bosox79

Member
SoSH Member
Dec 22, 2002
9,985
Wasn't there talk about how Jaylen didn't score very well in the SPG/BPG category partly because of the system he was in? Has that played out this year? Are his SPG/BPG better than were projected?

Also, regarding his FT%, can we really make any definitive claims on a 47 shot sample? He is 17/20 after starting the year 15/27. He had one terrible game where he was 3/8. Although he was pretty terrible in college too and that sample size is larger and roughly the same percentage so it's probably safe to say he's not a terribly good FT shooter.
 

bowiac

I've been living a lie.
Lifetime Member
SoSH Member
Dec 18, 2003
12,306
New York, NY
Wasn't there talk about how Jaylen didn't score very well in the SPG/BPG category partly because of the system he was in? Has that played out this year? Are his SPG/BPG better than were projected?
Not really, no. If anything, the steals are a bit worse than projected. The "system" defenses of his game have not been borne out.

Also, regarding his FT%, can we really make any definitive claims on a 47 shot sample? He is 17/20 after starting the year 15/27. He had one terrible game where he was 3/8. Although he was pretty terrible in college too and that sample size is larger and roughly the same percentage so it's probably safe to say he's not a terribly good FT shooter.
No, you can't make any definitive claims based on 47 shots, but as you note, it's basically consistent with his college career. There were some people saying his college FT% was a fluke, and that his mechanics were good, and that he'd improve. That so far has not been borne out. It's early of course.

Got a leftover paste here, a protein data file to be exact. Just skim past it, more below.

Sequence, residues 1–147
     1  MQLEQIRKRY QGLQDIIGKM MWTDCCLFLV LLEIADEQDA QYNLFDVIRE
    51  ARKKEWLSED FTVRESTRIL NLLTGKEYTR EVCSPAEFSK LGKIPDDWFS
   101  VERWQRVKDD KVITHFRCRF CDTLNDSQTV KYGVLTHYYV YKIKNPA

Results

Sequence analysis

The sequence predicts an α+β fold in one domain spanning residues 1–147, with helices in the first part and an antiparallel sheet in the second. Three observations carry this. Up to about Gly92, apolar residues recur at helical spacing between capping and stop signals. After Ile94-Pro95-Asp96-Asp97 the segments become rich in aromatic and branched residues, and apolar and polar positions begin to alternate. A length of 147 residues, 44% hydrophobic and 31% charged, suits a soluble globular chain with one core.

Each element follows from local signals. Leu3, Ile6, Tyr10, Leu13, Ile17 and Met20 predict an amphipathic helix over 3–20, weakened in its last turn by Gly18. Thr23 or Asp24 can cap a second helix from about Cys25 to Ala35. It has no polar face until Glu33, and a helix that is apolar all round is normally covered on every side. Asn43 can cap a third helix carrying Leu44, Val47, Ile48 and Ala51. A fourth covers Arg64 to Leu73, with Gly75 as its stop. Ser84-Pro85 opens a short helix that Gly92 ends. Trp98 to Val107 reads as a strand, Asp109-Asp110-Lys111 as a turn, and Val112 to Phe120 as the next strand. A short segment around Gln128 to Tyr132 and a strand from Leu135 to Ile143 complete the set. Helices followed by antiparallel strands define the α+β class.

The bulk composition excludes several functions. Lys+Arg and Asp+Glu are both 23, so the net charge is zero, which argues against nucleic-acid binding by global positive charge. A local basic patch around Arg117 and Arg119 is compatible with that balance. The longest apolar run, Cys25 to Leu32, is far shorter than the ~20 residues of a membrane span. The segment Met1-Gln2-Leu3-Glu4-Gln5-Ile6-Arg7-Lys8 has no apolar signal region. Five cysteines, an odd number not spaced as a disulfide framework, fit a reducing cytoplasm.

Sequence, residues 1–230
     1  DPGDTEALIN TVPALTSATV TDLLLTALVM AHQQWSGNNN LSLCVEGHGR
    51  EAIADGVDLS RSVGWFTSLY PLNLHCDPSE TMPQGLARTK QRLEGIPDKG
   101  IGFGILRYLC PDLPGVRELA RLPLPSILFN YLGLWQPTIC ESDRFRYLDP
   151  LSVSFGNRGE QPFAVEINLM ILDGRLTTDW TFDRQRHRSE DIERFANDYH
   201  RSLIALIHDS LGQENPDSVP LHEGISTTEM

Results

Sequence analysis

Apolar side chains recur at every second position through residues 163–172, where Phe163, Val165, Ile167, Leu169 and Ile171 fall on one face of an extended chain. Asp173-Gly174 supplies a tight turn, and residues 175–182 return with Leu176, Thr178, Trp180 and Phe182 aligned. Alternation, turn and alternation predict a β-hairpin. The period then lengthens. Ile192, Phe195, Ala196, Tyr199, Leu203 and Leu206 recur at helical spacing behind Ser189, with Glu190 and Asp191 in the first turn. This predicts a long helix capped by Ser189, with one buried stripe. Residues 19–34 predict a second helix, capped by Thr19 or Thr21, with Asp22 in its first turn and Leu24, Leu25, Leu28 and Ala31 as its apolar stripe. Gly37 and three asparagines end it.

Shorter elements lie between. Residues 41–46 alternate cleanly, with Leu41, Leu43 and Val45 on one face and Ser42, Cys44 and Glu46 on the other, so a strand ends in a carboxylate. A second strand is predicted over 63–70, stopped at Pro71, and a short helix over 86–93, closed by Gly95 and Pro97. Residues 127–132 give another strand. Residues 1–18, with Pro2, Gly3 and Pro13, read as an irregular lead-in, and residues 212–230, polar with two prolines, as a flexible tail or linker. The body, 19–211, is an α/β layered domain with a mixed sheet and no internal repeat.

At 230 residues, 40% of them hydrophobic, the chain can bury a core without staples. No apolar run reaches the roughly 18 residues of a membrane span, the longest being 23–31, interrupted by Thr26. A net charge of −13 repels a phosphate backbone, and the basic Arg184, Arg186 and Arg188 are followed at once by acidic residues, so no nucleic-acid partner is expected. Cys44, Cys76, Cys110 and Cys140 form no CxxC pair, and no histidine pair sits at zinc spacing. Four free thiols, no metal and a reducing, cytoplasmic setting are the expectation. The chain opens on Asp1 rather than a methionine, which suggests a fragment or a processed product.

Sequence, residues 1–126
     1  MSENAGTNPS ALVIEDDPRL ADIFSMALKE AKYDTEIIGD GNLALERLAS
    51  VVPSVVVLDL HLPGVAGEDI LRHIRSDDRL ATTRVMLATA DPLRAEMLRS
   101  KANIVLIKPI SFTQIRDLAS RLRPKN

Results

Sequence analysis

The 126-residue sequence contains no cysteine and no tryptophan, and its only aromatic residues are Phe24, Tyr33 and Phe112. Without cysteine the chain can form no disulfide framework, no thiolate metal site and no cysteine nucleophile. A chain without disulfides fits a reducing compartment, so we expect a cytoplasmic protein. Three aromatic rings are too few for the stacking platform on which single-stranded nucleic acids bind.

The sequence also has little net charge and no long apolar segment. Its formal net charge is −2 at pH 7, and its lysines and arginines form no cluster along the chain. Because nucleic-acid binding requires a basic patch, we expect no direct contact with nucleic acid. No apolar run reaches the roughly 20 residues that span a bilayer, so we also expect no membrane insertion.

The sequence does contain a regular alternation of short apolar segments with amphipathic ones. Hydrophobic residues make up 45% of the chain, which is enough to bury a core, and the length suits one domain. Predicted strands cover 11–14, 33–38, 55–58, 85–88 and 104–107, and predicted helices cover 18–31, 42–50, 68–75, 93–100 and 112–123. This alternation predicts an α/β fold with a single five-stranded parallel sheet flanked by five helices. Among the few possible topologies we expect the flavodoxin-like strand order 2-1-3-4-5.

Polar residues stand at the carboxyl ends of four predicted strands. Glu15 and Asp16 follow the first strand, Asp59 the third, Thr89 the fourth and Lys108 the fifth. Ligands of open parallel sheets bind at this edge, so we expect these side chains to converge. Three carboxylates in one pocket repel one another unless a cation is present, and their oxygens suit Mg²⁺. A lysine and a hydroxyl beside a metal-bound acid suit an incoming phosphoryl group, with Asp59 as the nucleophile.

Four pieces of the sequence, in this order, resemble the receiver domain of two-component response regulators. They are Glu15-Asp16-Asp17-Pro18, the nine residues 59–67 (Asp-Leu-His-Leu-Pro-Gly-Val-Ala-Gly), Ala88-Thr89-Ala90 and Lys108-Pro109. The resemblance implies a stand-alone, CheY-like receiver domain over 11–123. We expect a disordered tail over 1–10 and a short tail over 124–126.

reggiecleveland

sublime
Lifetime Member
SoSH Member
Mar 5, 2004
20,503
Saskatoon Canada
The only reason I have to doubt him is the other disappointing Celtics picks like Olynyk and Rozier. I don't like Smart much, but I won't include him.
 

bosox79

Member
SoSH Member
Dec 22, 2002
9,985
The only reason I have to doubt him is the other disappointing Celtics picks like Olynyk and Rozier. I don't like Smart much, but I won't include him.
They aren't remotely the same. If Jaylen ends up like Olynyk or Rozier, he's a bust. Although Rozier himself can still improve.
 

slamminsammya

Member
SoSH Member
Jul 31, 2006
2,837
Palo Alto
Was not aware that Olynyk was disappointing. Is this judgement based on the merits of Olynyk in isolation or just because we could have had Giannis?
 

lexrageorge

Member
SoSH Member
Jul 31, 2007
7,411
By win shares (9), ppg (10), and rpg (10). Olynyk is right where one would expect the 13th pick of the 1st round of the draft to be. And the Celtics were not the only team to miss on Giannis.

Rozier is in the middle of the flotsam/jetsam pile from the 2015 draft, but there's still time for the 22 year old to improve. And his numbers are hurt a bit by the lack of playing time available to him.